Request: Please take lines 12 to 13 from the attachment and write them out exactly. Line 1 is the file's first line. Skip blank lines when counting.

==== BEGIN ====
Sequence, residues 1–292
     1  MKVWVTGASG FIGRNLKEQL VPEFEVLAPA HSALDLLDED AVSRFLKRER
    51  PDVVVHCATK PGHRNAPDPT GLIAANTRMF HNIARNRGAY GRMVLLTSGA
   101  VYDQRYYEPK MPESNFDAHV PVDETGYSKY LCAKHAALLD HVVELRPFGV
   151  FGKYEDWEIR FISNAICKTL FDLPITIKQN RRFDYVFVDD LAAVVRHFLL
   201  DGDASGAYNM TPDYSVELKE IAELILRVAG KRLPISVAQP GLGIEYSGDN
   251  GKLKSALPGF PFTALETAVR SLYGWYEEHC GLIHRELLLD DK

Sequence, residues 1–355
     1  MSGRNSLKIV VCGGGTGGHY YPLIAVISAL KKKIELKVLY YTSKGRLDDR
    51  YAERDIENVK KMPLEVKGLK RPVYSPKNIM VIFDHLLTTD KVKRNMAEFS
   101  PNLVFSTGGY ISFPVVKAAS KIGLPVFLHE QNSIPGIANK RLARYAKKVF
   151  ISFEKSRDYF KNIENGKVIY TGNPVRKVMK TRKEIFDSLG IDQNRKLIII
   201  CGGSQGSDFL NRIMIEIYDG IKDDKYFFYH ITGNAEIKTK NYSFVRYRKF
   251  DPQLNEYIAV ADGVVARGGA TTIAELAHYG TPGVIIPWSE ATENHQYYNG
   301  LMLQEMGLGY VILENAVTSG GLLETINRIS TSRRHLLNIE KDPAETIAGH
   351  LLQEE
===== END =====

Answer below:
   151  ISFEKSRDYF KNIENGKVIY TGNPVRKVMK TRKEIFDSLG IDQNRKLIII
   201  CGGSQGSDFL NRIMIEIYDG IKDDKYFFYH ITGNAEIKTK NYSFVRYRKF